I started to think about Hernan Corte’s, when asked by his king Carl V of Spain to describe Mexico. Corte’s could not come up with a better way than wrinkle up a sheet of paper and threw it in front of the king. Mexico, that at the time was thought of as the “New Spain”, was presented as a wrinkled map. This was also the impression that would confirm later when we experienced “Carreras” terrain. During all the driving we only encounter a few hundred straight kilometers, up north before the American border. There would be impressive Sahara-looking kilometers with only snakes as spectators. We land in Mexico City and the capitol as an impressive city, both from the air as well passing through by car. The city has a diameter of twenty-six kilometer, the streets are full of all kind of cars and everybody are driving without order. Most of all there is a layer of smoke covering the city. Partly due to the local industries, but also due to the dried-up lake nearby, from where the wind is bringing a coal like fog over the city. These are our quick impressions as we are now facing another problem; to get the three cars through customs. In the beginning it looks like it will be hard. We are missing some document, not everything is in order. Even “down there” in Mexico they seam to have “Italian” laws and after some discussions back and fourth regarding laws and documents we finally were able to get our cars through. When we finally had them, they looked better than when they were left at the Airport in Milano. The custom personnel in Mexico City surround us and we realize the draw of the name “Carreras”. The same draw that my young friend at home had felt. I wonder why Lancia never been able to take advantage of the name “Carrera” is my first thought. They would have had the right to do. Instead other have done that instead. Not only car manufacturers, but also manufacturers of car seats, steering wheels, feed and even eye-glasses. The three cars are in perfect condition. No damages. We check, take some photos with the friendly customs personnel, and go on to fill up on the necessary materials and provisions. Then we are on our way. Our Carrera have started.  
The first segment is just a transfer. We are going to Tuxtla, almost by the border to Guatemala, where “Carrera Panamericana” 1953 started. It is 1367 very usable kilometers drive there. The trip is a necessary test to make sure everything is in order. The cars only had a couple of hundred kilometers on the odometers before the trip. In addition, most of the trip was at or around 2,200m (Mexico City is at an elevation of about 2240m) and we got a good chance to find out how the fuel injection would work at that elevation. Already in the beginning we find that even though the participants are suffering, both the two Beta Montecarlo and Beta HPE are working perfect. Giorgio Binotti, The Lancia man as we decided to call him, is looking at us with pride in his eyes. He has never questioned the quality of his cars and does not say anything, but he is not as sure about the drivers. Arrival in Tuxtla was known, and we discover a group of journalists from the most important newspapers in Mexico, and even from a TV station waiting for us to arrive. I realize once again that it is not us that draw this interest, but it is the fascination for “Carrera” and the name Lancia.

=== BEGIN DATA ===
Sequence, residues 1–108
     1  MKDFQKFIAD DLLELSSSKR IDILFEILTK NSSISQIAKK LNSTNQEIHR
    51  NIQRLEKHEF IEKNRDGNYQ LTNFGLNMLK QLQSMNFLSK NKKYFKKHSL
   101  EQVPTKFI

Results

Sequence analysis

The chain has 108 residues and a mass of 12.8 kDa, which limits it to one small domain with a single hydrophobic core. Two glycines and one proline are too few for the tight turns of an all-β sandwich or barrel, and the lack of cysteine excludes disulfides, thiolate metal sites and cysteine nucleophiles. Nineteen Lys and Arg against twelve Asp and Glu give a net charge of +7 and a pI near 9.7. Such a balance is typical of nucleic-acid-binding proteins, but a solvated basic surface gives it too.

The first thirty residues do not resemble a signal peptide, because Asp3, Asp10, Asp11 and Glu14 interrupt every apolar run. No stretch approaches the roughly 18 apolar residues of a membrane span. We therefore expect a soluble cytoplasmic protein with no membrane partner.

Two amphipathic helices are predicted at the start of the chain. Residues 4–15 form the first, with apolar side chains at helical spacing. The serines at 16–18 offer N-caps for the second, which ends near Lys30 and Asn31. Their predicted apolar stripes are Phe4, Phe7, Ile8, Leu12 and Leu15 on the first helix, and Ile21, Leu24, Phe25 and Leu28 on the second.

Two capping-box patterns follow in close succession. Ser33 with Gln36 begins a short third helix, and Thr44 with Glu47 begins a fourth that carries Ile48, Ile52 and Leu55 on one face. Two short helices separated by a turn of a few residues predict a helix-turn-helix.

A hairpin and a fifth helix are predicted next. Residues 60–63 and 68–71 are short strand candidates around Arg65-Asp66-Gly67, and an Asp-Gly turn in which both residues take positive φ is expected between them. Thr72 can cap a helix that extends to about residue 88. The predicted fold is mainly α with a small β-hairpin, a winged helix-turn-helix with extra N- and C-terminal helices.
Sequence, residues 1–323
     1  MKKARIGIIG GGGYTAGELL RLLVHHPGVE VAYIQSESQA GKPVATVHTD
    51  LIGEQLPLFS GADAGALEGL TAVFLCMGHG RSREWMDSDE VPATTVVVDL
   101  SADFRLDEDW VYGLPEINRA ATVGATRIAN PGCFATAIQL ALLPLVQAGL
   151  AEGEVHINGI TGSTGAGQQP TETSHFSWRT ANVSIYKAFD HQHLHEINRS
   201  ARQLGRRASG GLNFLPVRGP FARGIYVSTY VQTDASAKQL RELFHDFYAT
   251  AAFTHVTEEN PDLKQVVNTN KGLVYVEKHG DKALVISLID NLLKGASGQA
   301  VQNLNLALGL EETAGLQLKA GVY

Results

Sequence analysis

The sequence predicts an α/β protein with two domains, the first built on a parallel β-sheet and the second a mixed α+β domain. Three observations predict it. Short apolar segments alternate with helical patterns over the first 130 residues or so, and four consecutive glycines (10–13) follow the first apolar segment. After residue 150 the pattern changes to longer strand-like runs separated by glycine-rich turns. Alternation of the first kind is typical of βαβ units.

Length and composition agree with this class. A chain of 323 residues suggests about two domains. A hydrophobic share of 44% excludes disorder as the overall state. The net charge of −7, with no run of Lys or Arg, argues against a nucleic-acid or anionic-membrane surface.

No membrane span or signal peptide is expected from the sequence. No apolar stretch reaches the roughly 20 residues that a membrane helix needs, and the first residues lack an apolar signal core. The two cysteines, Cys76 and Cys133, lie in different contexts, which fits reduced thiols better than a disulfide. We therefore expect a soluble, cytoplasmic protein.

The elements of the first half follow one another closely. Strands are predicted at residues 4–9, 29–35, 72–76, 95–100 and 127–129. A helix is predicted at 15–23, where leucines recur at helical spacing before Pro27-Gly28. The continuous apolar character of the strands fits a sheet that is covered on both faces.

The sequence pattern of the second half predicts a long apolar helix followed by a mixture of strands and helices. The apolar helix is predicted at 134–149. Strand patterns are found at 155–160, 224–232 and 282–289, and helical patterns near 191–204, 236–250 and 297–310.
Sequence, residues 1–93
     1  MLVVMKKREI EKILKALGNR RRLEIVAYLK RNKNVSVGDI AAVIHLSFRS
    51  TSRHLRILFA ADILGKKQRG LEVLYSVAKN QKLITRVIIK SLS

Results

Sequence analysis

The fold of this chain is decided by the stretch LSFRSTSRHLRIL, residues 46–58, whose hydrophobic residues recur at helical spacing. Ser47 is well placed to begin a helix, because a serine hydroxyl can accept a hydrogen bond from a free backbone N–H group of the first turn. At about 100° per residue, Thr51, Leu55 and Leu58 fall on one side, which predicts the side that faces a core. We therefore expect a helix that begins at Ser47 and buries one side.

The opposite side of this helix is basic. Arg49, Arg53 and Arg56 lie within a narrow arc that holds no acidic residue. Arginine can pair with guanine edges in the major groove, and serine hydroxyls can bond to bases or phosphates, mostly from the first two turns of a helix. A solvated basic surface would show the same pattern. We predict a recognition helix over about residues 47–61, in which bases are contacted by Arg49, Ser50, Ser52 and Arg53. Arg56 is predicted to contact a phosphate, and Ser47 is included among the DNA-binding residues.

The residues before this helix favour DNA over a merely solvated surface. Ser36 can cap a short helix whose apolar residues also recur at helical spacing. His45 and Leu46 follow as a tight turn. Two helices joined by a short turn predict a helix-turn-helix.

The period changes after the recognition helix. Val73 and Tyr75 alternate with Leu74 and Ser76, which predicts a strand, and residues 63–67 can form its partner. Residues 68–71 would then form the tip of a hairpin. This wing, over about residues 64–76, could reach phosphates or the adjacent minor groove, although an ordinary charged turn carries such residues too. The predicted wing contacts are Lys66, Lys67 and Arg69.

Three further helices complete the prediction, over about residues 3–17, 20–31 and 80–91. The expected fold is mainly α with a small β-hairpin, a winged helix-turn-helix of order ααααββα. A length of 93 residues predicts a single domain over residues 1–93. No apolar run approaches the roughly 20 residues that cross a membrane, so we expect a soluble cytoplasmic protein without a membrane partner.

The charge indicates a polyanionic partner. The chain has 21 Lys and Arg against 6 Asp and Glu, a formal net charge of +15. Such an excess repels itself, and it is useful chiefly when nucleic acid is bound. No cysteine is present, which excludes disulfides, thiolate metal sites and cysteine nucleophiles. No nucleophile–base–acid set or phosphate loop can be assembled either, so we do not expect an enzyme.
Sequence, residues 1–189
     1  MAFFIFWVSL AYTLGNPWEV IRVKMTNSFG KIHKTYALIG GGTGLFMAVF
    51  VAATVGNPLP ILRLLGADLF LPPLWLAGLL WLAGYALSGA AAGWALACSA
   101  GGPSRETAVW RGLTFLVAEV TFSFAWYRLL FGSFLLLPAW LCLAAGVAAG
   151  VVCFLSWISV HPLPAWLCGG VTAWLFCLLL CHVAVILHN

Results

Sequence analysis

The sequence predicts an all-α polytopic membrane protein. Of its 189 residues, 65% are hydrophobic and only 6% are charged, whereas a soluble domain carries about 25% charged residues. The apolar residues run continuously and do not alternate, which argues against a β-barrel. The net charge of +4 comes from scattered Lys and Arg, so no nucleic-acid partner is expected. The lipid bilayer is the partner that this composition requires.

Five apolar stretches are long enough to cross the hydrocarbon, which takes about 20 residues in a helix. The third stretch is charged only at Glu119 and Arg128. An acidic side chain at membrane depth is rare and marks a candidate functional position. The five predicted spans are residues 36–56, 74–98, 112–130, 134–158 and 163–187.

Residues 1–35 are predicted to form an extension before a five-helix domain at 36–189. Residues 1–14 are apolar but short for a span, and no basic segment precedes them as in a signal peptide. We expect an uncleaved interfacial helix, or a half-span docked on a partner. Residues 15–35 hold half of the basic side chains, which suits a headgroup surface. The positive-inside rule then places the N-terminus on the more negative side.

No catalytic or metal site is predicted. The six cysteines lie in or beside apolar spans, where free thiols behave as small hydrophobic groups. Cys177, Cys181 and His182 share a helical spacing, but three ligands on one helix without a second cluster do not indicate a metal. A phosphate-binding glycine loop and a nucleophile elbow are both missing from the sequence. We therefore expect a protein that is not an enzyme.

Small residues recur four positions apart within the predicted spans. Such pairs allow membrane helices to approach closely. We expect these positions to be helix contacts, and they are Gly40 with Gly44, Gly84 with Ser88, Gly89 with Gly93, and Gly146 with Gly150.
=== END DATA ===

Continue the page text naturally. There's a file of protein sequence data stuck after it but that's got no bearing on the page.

Ahead of us we have eight stages, the same as in the “Carrera Panamericana” (we have respectfully renamed our event: “Messicana”) during 1953. 535km from Tuxtla to Oaxaca, 407km from Oaxaca to Puebla, 118km from Puebla to Mexico City, 423km from Mexico City to Leon, 533km from Leon to Durango, 411km from Durango to Parral, 295km from Parral to Chihuahua and finally 353km from Chihuahua to Ciudad Juarez. A total distance of 3078km. Carlo Massagrande was given the honor of routing the trip, calculate the average speed, times, fuel consumption and so on. All directions of how, when, and where to go is done by Massagrande and he start with telling us we can do it all in five days. We accept his plan. Finally, at the last day we understand the stress he put us through when we realize we had to drive three stages in one day. Fourteen hours driving nonstop, from six am to eight pm.
We start from Tuxtla, the capitol in the state Chiapas, the most southern in Mexico, located between Guatemala and Tehuantepec and being crossed by the Rio Grande. We are in a tropical rain forest. The Vulcanic mountains are covered by forest; pine trees up to a Hight of 4000m above sea level. Everywhere fantastic orchids and beautiful birds, where the Mayas holy bird Quetzal is over shadowing all others. From the forest we follow plantations of cotton, tobacco, and corn. We also were surprised over the large fields of agave. Afterword’s we were informed that from one of the 139 varieties of agave,” Maguey” to be correct, they produce a drink that the children drink instead of milk. This drink is called “Pulque”. From another type of agave, “mezcal” they retrieve a liquid that is distilled and becomes Tequila, Mexico’s national drink. During the time driving I come to think about another “Raid” we did a year earlier. We drove cost to coast, New York to San Francisco with three Fiat Mirafiore. Everything was easier as the roads were complete different. Here we constantly must maneuver through uphill, sharp turns and sudden narrow downhill sections. The feet are constantly moving from one pedal to the other and the hands from the steering wheel to the shifter and back. We don’t want to go easy on the cars but try to give all always. Along the road you hardly see any people, they are for the most located around the larger cities (Mexico City have 12miljon living there)

 

 

 

Picture 4. At the top of Mt. Alban, a few kilometers from Oaxaca, the Zapotecs built their religious town and named it “The green Hill”